Pakistan appeals for ‘immense’ international response to floods
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Pakistan has appealed to the international community for an “immense humanitarian response” to unprecedented flooding that has left at least 1,265 people dead.
According to initial government estimates, the rain and flooding have caused $10bn (£8.7bn) in damage.
“The scale of devastation is massive and requires an immense humanitarian response for 33 million people. For this I appeal to my fellow Pakistanis, Pakistan expatriates and the international community to help Pakistan in this hour of need,” the federal planning minister, Ahsan Iqbal, said at a news conference.
Multiple officials and experts have blamed the unusual monsoon rains and flooding on climate change, including UN Secretary-General António Guterres, who called on the world to stop “sleepwalking” through the deadly crisis.
He will visit Pakistan on 9 September to tour flood-hit areas and meet officials.
The United Nations and Pakistan jointly issued an appeal for $160m in emergency funding to help the millions of people affected by the floods, which have damaged more than 1m homes.
Pakistan’s National Disaster Management Authority in its latest report on Saturday counted 57 more deaths from flood-affected areas, bringing the total death toll since monsoon rains began in mid-June to 1,265, including 441 children.
Prime minister Shehbaz Sharif’s earlier appeal for aid received a quick response from the international community, which sent planes loaded with relief goods. A French aircraft carrying relief goods landed in Islamabad on Saturday and was received by national health services minister Abdul Qadir Patel.
Patel said the relief goods sent by France included medicine and large pumps to reduce water levels. He said France had also sent a team of doctors and experts.
Pakistan has established a National Flood Response and Coordination Centre to distribute the aid. Iqbal is supervising the army-led centre.
The minister said rains this monsoon season have lashed most areas of Balochistan and Sindh provinces as well as parts of Khyber Pakhtunkhwa and Punjab provinces. The Gilgit-Baltistan territory was also affected. The torrential rains and subsequent flash floods caused massive damage to infrastructure, roads, electricity and communications networks.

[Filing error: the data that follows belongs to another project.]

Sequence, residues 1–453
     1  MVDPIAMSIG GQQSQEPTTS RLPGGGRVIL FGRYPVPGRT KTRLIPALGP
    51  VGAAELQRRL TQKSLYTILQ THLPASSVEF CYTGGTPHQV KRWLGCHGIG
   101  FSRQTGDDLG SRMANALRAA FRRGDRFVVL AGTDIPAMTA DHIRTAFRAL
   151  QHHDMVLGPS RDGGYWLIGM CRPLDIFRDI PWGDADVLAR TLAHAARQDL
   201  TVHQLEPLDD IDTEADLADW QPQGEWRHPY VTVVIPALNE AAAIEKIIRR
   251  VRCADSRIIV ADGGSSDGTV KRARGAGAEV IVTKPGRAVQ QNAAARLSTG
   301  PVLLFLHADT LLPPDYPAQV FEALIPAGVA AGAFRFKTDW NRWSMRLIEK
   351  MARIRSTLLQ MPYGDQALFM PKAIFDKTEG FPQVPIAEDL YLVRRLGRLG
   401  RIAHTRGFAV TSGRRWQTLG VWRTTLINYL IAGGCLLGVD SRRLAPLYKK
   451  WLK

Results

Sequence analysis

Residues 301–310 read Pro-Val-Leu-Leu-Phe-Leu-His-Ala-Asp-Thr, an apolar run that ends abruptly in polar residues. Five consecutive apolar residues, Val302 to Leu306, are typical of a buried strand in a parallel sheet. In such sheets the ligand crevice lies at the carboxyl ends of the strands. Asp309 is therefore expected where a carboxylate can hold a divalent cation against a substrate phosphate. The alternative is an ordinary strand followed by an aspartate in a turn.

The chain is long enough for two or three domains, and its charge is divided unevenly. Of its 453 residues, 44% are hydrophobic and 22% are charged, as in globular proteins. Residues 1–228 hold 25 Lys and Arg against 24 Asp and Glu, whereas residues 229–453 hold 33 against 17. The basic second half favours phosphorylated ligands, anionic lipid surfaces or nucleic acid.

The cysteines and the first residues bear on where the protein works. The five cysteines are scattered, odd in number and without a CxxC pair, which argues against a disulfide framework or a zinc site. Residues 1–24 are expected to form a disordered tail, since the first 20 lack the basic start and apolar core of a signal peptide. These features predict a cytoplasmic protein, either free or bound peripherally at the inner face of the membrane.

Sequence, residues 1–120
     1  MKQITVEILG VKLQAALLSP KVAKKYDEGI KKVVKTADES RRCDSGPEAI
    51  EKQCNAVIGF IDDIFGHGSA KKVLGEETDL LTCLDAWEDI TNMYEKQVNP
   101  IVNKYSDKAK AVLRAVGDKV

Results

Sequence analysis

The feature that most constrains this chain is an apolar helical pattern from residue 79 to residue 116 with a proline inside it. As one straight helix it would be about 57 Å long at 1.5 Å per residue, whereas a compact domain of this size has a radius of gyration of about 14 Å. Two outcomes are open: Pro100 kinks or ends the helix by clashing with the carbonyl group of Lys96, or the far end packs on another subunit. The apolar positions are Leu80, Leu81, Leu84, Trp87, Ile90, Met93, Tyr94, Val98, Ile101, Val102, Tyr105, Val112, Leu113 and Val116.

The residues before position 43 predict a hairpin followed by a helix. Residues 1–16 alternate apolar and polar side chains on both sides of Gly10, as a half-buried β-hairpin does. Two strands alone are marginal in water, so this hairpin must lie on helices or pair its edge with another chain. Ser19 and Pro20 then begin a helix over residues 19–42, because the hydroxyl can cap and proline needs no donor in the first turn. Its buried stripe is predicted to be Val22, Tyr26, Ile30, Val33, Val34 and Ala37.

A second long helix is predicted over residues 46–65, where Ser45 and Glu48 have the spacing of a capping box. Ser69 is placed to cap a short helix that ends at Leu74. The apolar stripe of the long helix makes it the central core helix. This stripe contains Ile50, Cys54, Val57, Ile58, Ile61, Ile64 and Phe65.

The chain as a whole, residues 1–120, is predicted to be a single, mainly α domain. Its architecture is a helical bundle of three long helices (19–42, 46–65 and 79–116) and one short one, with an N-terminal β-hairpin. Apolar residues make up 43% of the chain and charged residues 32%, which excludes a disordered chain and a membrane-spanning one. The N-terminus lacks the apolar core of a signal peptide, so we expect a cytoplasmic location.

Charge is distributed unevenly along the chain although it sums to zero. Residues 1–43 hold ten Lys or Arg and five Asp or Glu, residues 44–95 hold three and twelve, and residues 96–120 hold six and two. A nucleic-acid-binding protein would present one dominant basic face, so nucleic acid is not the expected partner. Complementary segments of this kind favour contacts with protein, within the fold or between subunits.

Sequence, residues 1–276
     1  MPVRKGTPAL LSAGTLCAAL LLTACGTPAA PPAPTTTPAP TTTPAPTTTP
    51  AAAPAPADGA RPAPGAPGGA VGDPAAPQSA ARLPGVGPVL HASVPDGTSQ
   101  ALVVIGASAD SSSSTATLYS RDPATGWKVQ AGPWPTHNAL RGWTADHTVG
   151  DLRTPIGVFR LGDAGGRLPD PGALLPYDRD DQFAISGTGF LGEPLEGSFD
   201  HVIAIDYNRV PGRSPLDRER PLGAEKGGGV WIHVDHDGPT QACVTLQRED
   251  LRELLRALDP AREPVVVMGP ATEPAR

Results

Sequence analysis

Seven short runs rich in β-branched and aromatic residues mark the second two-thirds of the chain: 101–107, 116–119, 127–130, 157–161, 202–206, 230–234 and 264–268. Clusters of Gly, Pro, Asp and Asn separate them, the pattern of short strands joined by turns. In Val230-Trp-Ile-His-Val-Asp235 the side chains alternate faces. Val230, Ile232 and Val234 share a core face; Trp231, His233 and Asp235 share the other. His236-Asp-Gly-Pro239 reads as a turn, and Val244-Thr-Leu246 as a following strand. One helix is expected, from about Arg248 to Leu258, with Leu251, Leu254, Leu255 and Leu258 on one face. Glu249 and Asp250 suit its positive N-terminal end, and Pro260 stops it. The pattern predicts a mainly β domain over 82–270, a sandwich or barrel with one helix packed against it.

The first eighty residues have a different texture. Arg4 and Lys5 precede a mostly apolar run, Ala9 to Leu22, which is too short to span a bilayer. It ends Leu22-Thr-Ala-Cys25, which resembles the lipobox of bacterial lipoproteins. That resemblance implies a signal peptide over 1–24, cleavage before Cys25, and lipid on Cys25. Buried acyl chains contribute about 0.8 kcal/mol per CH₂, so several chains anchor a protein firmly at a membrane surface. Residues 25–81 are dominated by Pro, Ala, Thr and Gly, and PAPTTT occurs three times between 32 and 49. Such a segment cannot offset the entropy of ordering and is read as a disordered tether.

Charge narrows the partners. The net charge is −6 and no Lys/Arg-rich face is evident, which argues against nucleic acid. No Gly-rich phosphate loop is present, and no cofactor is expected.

Iqbal said the government was working to get the country back to normal as soon as possible but that the Pakistani government could not do it alone.
Maj Gen Zafar Iqbal said in the news conference that over the last four days, 29 planes loaded with relief goods arrived in Pakistan from Turkey, the UAE, China, Qatar, Uzbekistan, Jordan, Turkmenistan and other countries.
Military spokesperson Maj Gen Iftikhar Babar said rescuers supported by the military were continuing rescue and relief operations. He said army aviation, air force and navy troops were using boats and helicopters to evacuate people from remote regions and to deliver aid.
Babar said the army had established 147 relief camps sheltering and feeding more than 50,000 displaced people while 250 medical camps have provided help to 83,000 people so far.
Health officials have expressed concern about the spread of water-borne diseases among homeless people living in relief camps and in tents alongside roads.
Lt Gen Akhtar Nawaz, head of the disaster management authority, said areas of the country that had expected to receive 15% to 20% additional rains this year actually received in excess of 400% more. Collectively, the country has seen 190% more rain this monsoon season.
The US military’s Central Command has said it will send an assessment team to Islamabad to see what support it can provide. The United States announced $30m worth of aid for the flood victims earlier this week.
Two members of the US Congress, Sheila Jackson and Tom Suzy, were expected to arrive in Pakistan on Sunday to visit the flood-affected areas and meet officials.
The UK’s Disasters Emergency Committee’s appeal to help those affected by the flooding has raised £13.5m after launching on Thursday.
Source - The Guardian